That did not happen in the case of the released information about the bin Laden mission, missions in Pakistan, the Yemeni double agent, the Predator-drone protocols, and the cyberwar against Iraq, or our covert war in Africa. Instead, the theme of the work of a Sanger or Ignatius or others is that we should all be “surprised” at just how muscular is the Obama version of the war on terror — an appreciation that is especially timely in mid-2012, rather than, say, 2009 or 2010. In turn, despite the president’s mock outrage, the leakers are not seen as rogues threatening US national security, but as zealous patriots who simply want the American people to see another side of Barack Obama before they vote in November — a decision far more important to our long-term national security than any short-term damage that accrues.
The subtitle of David Sanger’s book says it all, does it not? The “Surprising Use of American Power” — “surprising” is a rather mild adjective that one might not expect from a New York Times “investigative” reporter hell-bent on rushing into print leaked material about controversial, questionable, and covert US operations. But then that was not the intent of Sanger, nor any of the other “reporters” who have been given exclusive access to either Obama administration insiders or to once sort of, now kind of classified materials.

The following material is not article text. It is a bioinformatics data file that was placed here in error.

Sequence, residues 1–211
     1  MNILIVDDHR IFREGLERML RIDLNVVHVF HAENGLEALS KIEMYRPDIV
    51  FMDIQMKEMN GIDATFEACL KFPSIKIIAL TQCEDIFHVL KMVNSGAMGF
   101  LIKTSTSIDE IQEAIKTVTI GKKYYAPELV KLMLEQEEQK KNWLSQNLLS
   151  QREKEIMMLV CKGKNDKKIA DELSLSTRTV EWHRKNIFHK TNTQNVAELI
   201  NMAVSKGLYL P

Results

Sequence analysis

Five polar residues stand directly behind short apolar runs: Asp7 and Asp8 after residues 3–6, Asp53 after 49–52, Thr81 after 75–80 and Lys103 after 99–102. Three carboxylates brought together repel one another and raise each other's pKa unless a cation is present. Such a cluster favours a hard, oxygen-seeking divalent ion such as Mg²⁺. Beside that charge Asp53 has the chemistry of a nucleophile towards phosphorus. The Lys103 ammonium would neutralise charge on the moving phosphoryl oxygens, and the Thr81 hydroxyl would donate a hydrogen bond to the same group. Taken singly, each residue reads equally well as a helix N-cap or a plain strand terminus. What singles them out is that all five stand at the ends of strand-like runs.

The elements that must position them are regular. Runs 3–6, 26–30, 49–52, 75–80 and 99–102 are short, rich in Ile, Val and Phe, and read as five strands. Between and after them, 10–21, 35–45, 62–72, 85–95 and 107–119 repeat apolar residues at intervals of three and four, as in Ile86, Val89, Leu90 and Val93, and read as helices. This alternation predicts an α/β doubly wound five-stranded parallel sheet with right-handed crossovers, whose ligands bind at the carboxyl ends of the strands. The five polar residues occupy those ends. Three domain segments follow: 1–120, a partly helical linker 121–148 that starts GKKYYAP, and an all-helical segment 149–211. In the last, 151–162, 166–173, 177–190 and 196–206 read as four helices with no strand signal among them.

Once all this is digested, I don’t see how a Sanger et al. or their suppliers ever regain much credibility.
Read and Weep
David Sanger tweeted the other day, “Hmmm…not sure this is good news: Sen. Feinstein: ‘You learn more from the book than I did as chair of intel cmte.’’”
Not sure, Mr. Sanger? Hmmm — what did David Sanger think was going to happen when he published the most intimate details of America’s covert war on terror, with the apparent wink and nod from the Obama administration, which gave such a court reporter the information and was itself eager for praise for its covert achievements. The book’s release, of course, was accidentally timed for the middle of the 2012 campaign. Lots of people are going to die in a variety of contexts because of the leaks and revelations documented in this book and elsewhere.
Today, CNN is reporting that the Taliban is going after polio-vaccination programs. There is a sick logic to that, given that we read in recent news sources that the Obama administration used a Pakistani doctor to glean intelligence from hepatitis vaccinations. Expect such terrorists to scapegoat the US as they leverage humanitarian programs in their propaganda war, energized by the Obama administration leaks.
In addition, there are going to be lots of people put at risk — foreign sources, perhaps our own military and intelligence personnel, and diplomats — who do everything from providing injections to selling video equipment abroad. They will now be under suspicion of being US operatives or stooges. Thousands of children may not receive inoculations. No matter, the New York Times people got their “exclusive” story and Beltway praise, and Barack Obama got the word out to the yokels that he was a “paradox” and led a “surprising” tough anti-terrorism war. The strategic and humanitarian fallout from all this insanity is only beginning.
A final question, how in fact did Bradley Manning’s disclosures differ from those of Thomas Donilon’s? Or rather is this not what you would expect when the Obama administration replaced a four-star general as national security adviser with a former lobbyist and Fannie Mae grandee?
©2012 Victor Davis Hanson